Montana News
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Friday, February 16, 2018

Fire departments get grants after worst wildfire season in a century


Several local fire departments have received cash assistance after fighting numerous fires in what is reported as the worst Montana wildfire season in 100 years. Plain Green Loans, the online lending company of the Chippewa Cree Tribe of Rocky Boy’s Indian Reservation, and the Montana Community Foundation have announced grants they provided to fire departments in the area. Fire departments responded to multiple fires, including the July Fire that burned 11,699 acres in the Little Rocky Mountains and the East Fork Fire that burned 21,896 acres in the Bear Paw Mountains. Plain Green said in a press release the company donated $30,000 to the Rocky Boy Volunteer Fire Department, while the Montana Community Foundation said in a release the Montana Wildfire Relief Fund the foundation created in partnership with the Montana Television Network had made grants to eight local fire departments.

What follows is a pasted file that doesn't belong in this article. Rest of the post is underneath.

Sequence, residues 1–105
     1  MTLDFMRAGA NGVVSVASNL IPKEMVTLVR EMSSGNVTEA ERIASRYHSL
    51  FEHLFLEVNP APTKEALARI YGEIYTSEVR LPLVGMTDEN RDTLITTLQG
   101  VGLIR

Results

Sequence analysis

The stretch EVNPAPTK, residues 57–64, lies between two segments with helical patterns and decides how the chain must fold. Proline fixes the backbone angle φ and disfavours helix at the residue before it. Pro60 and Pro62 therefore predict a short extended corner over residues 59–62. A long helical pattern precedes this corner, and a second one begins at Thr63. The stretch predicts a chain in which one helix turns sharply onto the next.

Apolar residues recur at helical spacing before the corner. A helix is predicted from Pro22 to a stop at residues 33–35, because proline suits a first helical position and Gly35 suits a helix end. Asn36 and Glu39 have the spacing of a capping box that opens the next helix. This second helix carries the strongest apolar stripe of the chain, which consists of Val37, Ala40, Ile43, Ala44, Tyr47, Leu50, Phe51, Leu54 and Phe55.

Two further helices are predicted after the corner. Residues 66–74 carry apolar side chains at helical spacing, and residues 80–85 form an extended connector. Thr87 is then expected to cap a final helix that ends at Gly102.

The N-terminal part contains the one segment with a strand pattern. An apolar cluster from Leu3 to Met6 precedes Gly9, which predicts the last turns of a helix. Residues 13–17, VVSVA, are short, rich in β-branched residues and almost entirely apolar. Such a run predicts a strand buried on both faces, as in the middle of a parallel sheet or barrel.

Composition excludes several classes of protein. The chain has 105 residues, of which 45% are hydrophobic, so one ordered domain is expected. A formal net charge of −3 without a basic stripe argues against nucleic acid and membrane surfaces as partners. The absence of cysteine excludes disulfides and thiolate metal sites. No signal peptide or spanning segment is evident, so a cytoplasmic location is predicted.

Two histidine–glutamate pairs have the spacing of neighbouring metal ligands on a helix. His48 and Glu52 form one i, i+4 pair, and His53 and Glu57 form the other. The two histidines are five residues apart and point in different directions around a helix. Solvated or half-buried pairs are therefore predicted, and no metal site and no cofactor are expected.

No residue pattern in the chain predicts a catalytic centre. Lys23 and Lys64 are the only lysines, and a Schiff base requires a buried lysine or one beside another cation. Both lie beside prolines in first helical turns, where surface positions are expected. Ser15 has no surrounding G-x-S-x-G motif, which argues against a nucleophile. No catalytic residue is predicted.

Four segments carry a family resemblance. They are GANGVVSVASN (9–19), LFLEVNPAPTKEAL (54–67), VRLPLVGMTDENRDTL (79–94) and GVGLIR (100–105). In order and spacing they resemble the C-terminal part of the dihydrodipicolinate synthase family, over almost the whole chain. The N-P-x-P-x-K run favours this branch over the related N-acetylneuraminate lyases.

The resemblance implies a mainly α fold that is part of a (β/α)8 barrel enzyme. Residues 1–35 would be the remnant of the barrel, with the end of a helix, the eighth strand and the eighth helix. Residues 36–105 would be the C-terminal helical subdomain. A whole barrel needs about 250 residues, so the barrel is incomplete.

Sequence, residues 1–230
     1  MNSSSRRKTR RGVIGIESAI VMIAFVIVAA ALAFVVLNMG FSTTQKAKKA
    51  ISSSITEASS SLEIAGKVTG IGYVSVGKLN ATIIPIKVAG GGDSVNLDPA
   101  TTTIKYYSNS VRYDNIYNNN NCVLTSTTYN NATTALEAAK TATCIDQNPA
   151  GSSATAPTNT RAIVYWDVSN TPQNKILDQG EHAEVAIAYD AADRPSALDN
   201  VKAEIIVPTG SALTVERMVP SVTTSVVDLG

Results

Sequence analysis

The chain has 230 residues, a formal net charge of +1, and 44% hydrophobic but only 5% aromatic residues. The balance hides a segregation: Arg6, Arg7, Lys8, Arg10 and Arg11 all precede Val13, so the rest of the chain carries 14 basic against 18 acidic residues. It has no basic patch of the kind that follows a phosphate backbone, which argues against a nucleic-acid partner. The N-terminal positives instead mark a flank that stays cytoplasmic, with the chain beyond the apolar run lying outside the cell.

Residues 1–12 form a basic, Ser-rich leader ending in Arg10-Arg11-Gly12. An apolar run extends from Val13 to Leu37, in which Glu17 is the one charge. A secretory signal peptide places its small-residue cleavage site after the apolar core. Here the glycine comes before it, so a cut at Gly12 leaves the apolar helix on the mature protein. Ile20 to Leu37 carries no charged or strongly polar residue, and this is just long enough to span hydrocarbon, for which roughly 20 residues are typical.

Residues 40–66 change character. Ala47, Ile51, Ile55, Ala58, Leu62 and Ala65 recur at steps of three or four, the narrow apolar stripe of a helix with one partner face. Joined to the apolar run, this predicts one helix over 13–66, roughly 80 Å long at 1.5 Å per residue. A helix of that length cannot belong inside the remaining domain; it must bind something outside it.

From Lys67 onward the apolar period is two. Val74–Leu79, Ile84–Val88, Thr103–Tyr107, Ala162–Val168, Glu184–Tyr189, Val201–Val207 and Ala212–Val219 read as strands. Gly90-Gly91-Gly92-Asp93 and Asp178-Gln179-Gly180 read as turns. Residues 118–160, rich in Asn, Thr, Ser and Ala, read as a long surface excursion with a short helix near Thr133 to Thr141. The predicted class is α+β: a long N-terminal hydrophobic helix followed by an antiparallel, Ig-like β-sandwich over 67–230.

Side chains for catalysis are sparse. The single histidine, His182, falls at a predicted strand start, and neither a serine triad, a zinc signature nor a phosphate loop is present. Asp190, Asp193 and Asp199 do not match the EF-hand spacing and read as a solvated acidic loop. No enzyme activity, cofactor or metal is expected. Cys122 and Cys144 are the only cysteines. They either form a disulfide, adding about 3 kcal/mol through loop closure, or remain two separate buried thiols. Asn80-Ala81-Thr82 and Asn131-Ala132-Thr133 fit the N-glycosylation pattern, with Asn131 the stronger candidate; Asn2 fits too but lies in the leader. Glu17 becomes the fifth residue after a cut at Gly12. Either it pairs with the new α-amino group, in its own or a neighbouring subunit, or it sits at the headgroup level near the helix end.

Havre Daily News

Cause of fire at Marion storage units still unknown


Investigators say they still don’t know how a fire was started that destroyed a storage-unit building in Marion. The structure fire was reported at around 12:30 p.m. Tuesday at Marion Security Storage off U.S. 2, west of Kalispell. According to Marion Fire Department Fire Chief Katie Mast, the contents of 30 units were a total loss, but no injuries resulted from the fire. She said the units were fully engulfed upon arrival, and the blaze took three agencies approximately nine hours to extinguish. Multiple units contained ammunition that discharged during the fire and one contained four 100-pound propane tanks that self-ventilated, Mast said. The cause of the fire is still under investigation, she said.